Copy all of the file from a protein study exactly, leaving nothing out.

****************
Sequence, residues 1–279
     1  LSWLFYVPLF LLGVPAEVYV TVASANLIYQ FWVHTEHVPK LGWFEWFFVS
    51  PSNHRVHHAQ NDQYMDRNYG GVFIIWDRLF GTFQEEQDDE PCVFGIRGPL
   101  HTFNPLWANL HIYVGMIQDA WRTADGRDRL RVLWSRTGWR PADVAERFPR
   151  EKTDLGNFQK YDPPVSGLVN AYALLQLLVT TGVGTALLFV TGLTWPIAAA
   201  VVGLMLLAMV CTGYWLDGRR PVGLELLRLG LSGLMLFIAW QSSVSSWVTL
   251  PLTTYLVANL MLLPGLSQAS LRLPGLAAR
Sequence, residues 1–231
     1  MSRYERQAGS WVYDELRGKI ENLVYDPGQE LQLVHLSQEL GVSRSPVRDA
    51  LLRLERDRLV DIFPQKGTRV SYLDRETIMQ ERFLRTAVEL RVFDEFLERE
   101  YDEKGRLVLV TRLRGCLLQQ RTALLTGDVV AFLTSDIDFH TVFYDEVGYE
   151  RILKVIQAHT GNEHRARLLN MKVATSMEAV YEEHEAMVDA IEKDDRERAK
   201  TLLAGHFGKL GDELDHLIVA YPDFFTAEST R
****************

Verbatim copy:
Sequence, residues 1–279
     1  LSWLFYVPLF LLGVPAEVYV TVASANLIYQ FWVHTEHVPK LGWFEWFFVS
    51  PSNHRVHHAQ NDQYMDRNYG GVFIIWDRLF GTFQEEQDDE PCVFGIRGPL
   101  HTFNPLWANL HIYVGMIQDA WRTADGRDRL RVLWSRTGWR PADVAERFPR
   151  EKTDLGNFQK YDPPVSGLVN AYALLQLLVT TGVGTALLFV TGLTWPIAAA
   201  VVGLMLLAMV CTGYWLDGRR PVGLELLRLG LSGLMLFIAW QSSVSSWVTL
   251  PLTTYLVANL MLLPGLSQAS LRLPGLAAR
Sequence, residues 1–231
     1  MSRYERQAGS WVYDELRGKI ENLVYDPGQE LQLVHLSQEL GVSRSPVRDA
    51  LLRLERDRLV DIFPQKGTRV SYLDRETIMQ ERFLRTAVEL RVFDEFLERE
   101  YDEKGRLVLV TRLRGCLLQQ RTALLTGDVV AFLTSDIDFH TVFYDEVGYE
   151  RILKVIQAHT GNEHRARLLN MKVATSMEAV YEEHEAMVDA IEKDDRERAK
   201  TLLAGHFGKL GDELDHLIVA YPDFFTAEST R